The effects of temperature and pressure on the stability of mineral colloids

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2 Scopus citations


The stability of mineral colloids is well understood through numerous theoretical, experimental, and microscopic approaches. Nearly all of these, however, are for colloids at ambient or near-ambient conditions. The lack of studies at elevated temperature and pressure presents an obstacle to understanding the role that colloids may play in high-T and/or high-P settings such as geothermal works, hot springs, epithermal ore deposits, and deep crustal fluids. This study presents a first step toward quantitatively modeling the stability of mineral colloids for pressures from liquid-vapor equilibrium to 3000 bars and for temperatures from 25 to 400 °C, using the DLVO (Derjaguin-Landau-Verwey-Overbeek) theory as an approximation. Methods are given for recalculating each of the necessary input parameters for the pressure, temperature, and electrolyte type of interest. Example calculations for gold and silica colloids in dilute NaCl solutions show that increasing pressure stabilizes colloids, whereas increasing temperature destabilizes them, especially at lower pressures. The solutions presented are approximations, since potentially influential factors such as surface roughness, adsorbed species, and non-DLVO forces are not considered. However, the results obtained are consistent with the limited experimental data available for colloids at the relevant conditions and offer an initial step toward quantitatively modeling colloid behavior at elevated pressures and temperatures.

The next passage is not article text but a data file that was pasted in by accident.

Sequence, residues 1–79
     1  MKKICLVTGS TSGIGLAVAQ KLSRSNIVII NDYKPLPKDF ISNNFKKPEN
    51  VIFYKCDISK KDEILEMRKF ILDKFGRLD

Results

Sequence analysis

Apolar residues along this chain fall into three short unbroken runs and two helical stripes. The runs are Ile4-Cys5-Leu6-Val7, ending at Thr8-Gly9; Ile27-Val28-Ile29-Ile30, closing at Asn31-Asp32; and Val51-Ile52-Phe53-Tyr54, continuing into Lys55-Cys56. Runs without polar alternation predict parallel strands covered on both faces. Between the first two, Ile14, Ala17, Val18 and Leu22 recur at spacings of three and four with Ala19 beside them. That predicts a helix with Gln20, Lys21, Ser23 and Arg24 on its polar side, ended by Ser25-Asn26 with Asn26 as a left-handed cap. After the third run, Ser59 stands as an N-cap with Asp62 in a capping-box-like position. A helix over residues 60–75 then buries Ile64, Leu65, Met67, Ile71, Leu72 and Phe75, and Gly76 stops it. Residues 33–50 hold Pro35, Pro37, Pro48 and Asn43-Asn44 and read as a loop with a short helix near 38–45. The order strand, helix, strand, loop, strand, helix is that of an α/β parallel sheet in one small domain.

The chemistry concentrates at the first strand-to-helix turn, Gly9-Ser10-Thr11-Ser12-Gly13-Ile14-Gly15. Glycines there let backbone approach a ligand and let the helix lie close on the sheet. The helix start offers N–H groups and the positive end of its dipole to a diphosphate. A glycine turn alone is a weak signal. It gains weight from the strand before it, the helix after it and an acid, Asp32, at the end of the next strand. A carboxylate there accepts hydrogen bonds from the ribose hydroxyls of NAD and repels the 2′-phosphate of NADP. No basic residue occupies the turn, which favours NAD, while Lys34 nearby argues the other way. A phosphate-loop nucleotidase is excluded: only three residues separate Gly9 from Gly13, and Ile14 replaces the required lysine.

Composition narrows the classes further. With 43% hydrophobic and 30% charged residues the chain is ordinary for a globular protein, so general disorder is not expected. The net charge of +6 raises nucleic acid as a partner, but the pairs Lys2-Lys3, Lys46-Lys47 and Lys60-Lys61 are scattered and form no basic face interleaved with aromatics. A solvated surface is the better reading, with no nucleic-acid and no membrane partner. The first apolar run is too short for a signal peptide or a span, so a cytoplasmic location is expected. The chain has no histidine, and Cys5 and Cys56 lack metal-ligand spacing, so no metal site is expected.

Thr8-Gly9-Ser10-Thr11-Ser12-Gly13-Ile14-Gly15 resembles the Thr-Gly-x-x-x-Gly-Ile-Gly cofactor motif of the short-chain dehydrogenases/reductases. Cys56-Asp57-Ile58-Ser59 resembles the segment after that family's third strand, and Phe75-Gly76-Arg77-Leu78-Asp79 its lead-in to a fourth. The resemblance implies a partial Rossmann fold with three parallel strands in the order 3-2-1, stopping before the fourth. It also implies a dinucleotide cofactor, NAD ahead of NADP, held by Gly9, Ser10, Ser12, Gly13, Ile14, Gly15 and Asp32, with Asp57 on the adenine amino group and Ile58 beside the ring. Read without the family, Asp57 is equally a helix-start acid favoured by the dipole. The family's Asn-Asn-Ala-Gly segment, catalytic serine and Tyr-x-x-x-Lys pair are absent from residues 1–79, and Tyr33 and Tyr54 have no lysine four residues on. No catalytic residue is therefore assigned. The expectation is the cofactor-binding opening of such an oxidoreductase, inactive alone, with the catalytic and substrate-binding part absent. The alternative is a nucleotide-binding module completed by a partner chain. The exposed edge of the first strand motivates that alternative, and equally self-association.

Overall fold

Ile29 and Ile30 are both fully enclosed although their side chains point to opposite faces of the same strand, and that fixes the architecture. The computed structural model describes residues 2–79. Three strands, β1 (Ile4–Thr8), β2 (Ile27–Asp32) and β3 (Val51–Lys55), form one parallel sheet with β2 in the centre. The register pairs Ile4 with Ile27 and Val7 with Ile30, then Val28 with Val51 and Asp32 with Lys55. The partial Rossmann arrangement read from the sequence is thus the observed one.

Original languageEnglish (US)
Pages (from-to)737-753
Number of pages17
JournalAmerican Journal of Science
Issue number9
StatePublished - 2019


  • Colloids in ore deposits
  • DLVO theory
  • Mineral colloids

ASJC Scopus subject areas

  • General Earth and Planetary Sciences


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